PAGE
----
This past June, I was at the InterAction conference, listening to the Love Choir sing a beautiful tribute to humanitarian workers who died on the job around the world during the past year.
“Five hundred, twenty-five thousand, six hundred minutes; how do you measure a year in the life?”
In 2016, there were 150 attacks affecting 238 aid workers in 20 countries. Eighty-eight of them died. During the first three months of 2017, 35 aid workers died in 22 separate attacks.
Sitting there in June, a few of those names hit a little closer to home than others, because of mutual friends we had shared at several of those organizations.
Saturday, August 19 is World Humanitarian Day. It specifically coincides with a terrorist attack in Baghdad in 2003 on the same day that killed the United Nation’s top representative to the country, and since then has commemorated the losses among aid workers and advocated for their safety and security.
On Saturday, I’ll be playing softball in the middle of Kansas. Two of my colleagues, who I also count as friends, will be working at a hospital in Syria. I’d be lying if I said that doesn’t make me feel a little guilty some days. The truth is, we find humanitarians all around us. Whether it’s walking down an inner city street, handing out bottled water to those without a home on a hot summer day, or working in a hospital in Syria, you don’t have to look that far. Those are the people who make me uncomfortable in the best possible way. They inspire me every day to choose courage, even in the small things.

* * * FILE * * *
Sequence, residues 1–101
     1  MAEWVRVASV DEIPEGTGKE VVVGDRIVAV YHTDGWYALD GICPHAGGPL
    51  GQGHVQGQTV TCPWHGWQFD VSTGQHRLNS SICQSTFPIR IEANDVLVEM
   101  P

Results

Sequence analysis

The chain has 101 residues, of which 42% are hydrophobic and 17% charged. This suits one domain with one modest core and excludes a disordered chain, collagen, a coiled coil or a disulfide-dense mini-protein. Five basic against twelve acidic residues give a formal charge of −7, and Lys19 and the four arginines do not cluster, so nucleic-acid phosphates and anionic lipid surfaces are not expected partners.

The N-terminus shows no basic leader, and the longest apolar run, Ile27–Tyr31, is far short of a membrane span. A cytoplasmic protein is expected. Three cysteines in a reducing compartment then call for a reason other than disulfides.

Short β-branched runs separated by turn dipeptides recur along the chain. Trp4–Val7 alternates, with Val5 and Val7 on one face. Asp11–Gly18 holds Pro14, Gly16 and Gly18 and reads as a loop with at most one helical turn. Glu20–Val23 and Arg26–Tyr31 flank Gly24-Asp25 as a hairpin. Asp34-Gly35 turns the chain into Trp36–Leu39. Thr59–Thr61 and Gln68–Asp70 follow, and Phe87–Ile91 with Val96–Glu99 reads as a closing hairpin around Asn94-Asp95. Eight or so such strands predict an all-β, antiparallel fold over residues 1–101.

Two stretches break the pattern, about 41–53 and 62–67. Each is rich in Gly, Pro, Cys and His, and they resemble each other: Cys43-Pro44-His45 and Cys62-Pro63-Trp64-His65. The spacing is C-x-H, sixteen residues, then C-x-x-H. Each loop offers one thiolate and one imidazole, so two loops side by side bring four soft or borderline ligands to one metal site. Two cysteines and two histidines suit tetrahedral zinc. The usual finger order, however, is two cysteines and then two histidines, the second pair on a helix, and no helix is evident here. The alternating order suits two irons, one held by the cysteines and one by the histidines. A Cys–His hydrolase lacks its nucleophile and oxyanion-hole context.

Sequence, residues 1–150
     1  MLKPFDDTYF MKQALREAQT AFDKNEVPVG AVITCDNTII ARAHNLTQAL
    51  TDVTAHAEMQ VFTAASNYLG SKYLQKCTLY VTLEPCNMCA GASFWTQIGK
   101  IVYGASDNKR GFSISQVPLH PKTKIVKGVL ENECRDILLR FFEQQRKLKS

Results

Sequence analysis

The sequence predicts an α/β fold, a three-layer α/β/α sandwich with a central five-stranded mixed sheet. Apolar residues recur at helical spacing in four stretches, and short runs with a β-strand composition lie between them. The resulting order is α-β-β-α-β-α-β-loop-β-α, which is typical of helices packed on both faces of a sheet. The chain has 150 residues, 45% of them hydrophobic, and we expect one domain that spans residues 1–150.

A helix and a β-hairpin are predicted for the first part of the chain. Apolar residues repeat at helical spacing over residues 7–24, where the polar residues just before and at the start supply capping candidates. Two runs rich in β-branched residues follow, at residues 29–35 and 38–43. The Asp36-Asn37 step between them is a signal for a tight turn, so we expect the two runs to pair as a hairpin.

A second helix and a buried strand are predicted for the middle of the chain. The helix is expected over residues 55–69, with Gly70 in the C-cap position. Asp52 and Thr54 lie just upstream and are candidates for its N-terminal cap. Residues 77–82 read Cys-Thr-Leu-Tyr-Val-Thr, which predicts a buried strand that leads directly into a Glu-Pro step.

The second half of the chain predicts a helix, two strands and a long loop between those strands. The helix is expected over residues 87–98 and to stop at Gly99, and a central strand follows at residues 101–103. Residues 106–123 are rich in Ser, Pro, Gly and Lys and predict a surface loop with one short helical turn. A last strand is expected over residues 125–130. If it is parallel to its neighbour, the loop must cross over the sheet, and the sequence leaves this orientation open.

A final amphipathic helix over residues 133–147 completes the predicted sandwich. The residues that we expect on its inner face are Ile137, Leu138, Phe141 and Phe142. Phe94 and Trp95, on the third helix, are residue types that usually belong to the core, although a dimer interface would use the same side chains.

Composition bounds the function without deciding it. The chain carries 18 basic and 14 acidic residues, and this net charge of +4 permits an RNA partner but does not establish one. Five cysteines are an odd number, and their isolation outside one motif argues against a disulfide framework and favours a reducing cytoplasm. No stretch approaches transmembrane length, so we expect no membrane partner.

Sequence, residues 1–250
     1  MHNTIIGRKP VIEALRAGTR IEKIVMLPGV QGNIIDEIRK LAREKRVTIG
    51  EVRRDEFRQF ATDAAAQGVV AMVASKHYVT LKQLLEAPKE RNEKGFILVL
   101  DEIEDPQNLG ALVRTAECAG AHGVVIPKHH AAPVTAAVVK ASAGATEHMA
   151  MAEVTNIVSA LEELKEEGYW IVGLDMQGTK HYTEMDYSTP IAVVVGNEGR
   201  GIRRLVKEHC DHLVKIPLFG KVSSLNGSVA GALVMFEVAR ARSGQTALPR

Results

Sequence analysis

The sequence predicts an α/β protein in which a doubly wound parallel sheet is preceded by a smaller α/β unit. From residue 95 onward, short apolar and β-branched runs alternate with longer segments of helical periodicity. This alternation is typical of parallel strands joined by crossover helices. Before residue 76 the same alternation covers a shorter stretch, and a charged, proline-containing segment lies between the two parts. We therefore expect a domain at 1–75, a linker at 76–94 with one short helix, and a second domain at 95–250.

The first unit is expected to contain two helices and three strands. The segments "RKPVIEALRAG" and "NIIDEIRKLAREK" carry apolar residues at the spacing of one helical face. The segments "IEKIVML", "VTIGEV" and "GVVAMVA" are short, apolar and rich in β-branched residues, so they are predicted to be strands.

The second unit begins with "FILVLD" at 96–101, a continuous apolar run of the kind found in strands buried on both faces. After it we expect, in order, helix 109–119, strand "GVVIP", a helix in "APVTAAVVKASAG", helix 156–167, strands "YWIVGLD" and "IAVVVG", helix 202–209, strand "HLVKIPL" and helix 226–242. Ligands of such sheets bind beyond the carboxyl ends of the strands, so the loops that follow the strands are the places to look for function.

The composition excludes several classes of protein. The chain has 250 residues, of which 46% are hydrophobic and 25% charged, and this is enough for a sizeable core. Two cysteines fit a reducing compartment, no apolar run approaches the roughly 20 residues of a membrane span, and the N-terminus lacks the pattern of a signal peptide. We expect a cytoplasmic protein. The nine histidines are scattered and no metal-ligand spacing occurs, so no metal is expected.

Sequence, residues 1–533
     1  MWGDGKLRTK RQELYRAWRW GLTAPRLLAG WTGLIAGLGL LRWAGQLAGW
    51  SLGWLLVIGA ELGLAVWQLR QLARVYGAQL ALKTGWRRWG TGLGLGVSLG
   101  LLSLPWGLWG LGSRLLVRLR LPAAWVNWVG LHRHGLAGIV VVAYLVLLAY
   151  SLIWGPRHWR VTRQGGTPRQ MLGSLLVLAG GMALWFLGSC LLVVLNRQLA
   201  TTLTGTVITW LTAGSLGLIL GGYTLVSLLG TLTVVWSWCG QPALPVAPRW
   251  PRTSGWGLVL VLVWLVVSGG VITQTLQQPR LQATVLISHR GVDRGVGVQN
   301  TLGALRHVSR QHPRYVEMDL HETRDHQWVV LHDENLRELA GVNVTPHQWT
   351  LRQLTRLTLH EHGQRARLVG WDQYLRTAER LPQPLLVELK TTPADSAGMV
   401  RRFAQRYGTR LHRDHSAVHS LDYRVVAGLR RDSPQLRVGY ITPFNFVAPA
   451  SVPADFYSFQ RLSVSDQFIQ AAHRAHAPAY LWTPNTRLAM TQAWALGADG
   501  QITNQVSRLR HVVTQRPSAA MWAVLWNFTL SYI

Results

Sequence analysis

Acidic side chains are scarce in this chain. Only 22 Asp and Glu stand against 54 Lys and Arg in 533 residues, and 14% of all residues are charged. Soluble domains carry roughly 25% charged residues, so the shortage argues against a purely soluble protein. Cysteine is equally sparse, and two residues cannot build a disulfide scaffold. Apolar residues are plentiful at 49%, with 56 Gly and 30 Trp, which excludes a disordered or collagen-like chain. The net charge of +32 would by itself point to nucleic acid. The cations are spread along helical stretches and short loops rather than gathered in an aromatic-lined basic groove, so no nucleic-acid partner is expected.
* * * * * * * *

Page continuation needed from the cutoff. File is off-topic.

While reading this, you probably thought of someone who makes you feel that way. Someone who pushes your heart to become bigger. So take this moment, this one day that is nothing in the grand scheme of things, and tell them thank you. Thank you for being so brave. For not considering the risk, and only thinking of the reward. If there weren’t humanitarians willing to face the worst in our world, the worst in our world would always win.